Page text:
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NoodleCats

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Have you attached swords to wood for long or is it a new experiment? I think you're a better water column fertilizer than I am, mine sometimes get root tabs. But an interesting idea. I have a half grow amazon? sword that might be fun to try, maybe it will "bonsai" it? It's that or give it away soon.

As usual your tanks look great!
I actually don't use root tabs anymore. Not for any of my swords. Strictly liquid fertilizers.

Theres been some proof I guess that aquatic plants will take fertilizer from where it's available, the "root feeder" thing being somewhat of a myth. Tabs still help, sure because the plants will still use the nutrients from them, but they will also take from the water column just as well if that's whats available.

I didn't really believe it at first either, because it went against a lot of what I've read.
But, been trying it out for the last year and have to say I have personally seen evidence in my own swords grown just with liquid ferts.

This one especially looking good, this one's liquid ferts too.
20211112_001720.jpg
 
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fishorama

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Thanks. I'm just better at tabs every 3 months than water column 1s much more often.

With the sword on wood thing I wonder if the roots will grow as crazy as they do in the substrate
 

NoodleCats

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Thanks. I'm just better at tabs every 3 months than water column 1s much more often.

With the sword on wood thing I wonder if the roots will grow as crazy as they do in the substrate
Itll be interesting to see!

I've grown crypts on driftwood before, so it'll be fun seeing if the swords take
 

jake72

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I've seen the root tabs definitely make a difference. I don't use them very often so it is easier to see an impact when i do add them; then again as the tank ages (all of mine are over 2 years); there is more 'poop dirt' down there for the roots.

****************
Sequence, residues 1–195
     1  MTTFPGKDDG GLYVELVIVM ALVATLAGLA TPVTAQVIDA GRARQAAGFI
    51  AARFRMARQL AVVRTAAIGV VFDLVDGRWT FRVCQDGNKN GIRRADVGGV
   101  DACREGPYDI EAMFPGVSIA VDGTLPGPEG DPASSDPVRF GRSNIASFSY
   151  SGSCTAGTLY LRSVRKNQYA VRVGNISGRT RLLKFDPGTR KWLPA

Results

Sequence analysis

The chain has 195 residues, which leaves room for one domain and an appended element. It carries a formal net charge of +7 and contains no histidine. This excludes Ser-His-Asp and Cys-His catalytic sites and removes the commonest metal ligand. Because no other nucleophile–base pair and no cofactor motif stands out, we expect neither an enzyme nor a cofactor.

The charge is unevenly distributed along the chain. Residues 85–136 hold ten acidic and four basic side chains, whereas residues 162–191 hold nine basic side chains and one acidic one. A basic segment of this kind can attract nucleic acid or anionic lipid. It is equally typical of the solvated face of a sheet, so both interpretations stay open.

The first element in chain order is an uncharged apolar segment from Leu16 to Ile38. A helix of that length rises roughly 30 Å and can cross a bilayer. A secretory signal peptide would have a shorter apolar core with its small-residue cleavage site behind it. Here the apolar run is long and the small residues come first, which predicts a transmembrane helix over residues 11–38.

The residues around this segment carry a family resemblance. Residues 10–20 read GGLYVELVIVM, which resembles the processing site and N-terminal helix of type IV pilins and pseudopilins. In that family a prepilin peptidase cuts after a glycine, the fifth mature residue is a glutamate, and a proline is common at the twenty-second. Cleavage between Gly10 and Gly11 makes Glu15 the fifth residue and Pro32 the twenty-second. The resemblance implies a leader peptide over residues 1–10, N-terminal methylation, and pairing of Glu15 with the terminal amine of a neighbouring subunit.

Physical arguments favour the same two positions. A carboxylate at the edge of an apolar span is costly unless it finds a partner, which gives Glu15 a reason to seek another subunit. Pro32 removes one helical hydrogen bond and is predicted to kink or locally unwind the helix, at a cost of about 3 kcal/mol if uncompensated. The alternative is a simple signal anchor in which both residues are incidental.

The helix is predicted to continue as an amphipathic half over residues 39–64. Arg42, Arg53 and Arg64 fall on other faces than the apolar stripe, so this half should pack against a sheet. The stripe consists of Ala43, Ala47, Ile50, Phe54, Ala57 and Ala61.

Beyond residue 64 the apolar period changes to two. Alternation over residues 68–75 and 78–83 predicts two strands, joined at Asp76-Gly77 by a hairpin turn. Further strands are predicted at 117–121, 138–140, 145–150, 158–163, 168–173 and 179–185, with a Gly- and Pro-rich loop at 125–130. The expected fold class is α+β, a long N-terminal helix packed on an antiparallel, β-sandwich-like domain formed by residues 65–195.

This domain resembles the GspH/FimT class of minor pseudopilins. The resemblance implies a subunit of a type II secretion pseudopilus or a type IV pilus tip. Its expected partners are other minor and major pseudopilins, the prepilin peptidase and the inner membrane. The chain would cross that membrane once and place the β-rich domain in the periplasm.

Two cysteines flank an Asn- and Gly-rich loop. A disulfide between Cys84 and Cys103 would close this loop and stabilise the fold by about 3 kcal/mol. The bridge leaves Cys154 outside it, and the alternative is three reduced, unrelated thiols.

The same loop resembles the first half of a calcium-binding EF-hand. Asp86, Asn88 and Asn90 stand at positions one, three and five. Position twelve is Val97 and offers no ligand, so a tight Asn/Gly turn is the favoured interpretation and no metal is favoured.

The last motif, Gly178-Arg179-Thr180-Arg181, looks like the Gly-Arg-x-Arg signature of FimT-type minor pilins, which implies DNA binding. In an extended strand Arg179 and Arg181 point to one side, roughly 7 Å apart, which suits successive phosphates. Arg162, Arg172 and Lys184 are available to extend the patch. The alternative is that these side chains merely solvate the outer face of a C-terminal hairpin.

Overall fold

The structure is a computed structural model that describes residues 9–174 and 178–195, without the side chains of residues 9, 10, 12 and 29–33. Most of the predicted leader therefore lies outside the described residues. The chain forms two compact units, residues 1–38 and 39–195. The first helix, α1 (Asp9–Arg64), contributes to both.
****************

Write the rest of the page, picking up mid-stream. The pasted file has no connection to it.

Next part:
NoodleCats

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I've seen the root tabs definitely make a difference. I don't use them very often so it is easier to see an impact when i do add them; then again as the tank ages (all of mine are over 2 years); there is more 'poop dirt' down there for the roots.
They can, but also can do fine without. Plants will take nutrients from where it's offered. Swords are just nutrient monsters, so tabs tend to make it easier for people than those who can remember to dose liquid more often for what swords would use.
 

fishorama

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Huh, that's funny! C. becketti was among the very first plants we tried almost 40 years ago from a plant place advertised in the back of a fish magazine. I don't know that I've seen it much after that, not lately anyway, even among my fellow crypt addict plant clubbers. But they tend to want the latest coolest varieties...or maybe they don't share or remember the name, lol.

I may try a crypt that I have a lot of instead of the sword. About how long did you try it on wood? I'm remembering you tie plants rather than super glue, me too...or cram in a crevice :)

You are such a breath of fresh ideas Noodle!
 

NoodleCats

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Huh, that's funny! C. becketti was among the very first plants we tried almost 40 years ago from a plant place advertised in the back of a fish magazine. I don't know that I've seen it much after that, not lately anyway, even among my fellow crypt addict plant clubbers. But they tend to want the latest coolest varieties...or maybe they don't share or remember the name, lol.

I may try a crypt that I have a lot of instead of the sword. About how long did you try it on wood? I'm remembering you tie plants rather than super glue, me too...or cram in a crevice :)

You are such a breath of fresh ideas Noodle!
Haha I keep a couple crypt becketti actually, stay nice and compact compared to the lankier wendtii. Makes for a nice midground crypt.

Also a nice young becketti petchii pink, a fancier variety now of becketti
20210922_164344.jpg


I had the crypts wedged in a slot, started as tiny babies, grew them for about 8 months before I moved and planted them in a tank redo.

I've seen some people tie swords to wood, they were newbies and it wasn't the neatest job, but it made me wonder why not?

I mean, naturally plants in rivers get blasted out of the ground at times, drift away, get caught up in whatever debris, rocks, branches, etc they are swept into... they wouldn't just wait for someone to come along to plant them in order to live and grow. So while they may not attach themselves like anubias or buce, they would still manage to grow and adapt to where they're at.
To me it makes sense we can be a little more versatile if you have the means.
 

fishorama

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OK Noodle, I have a tiny criticism or 2. I hope you'll take it in a nice way :) that's how I mean it. C. becketti & C. petchii are separarte species unless they're now crossed...& they might be...How else do "they" create all those new varieties? Thousands of crypts, what do I know?

I'd also prefer your new fancy crypt was not so similarly colored to the nearby rock. I want my crypts to shine more than blend in ;). Of course it's a personal choice but think about moving it or the rock next time you need to rearrange. I like its red petioles in contrast to the leaves & it looks to have a nice pink color coming on too. Wait & see is my lazy motto, but you're a more "redo-ish" kind of scaper. Just suggestions, it's all good!
 
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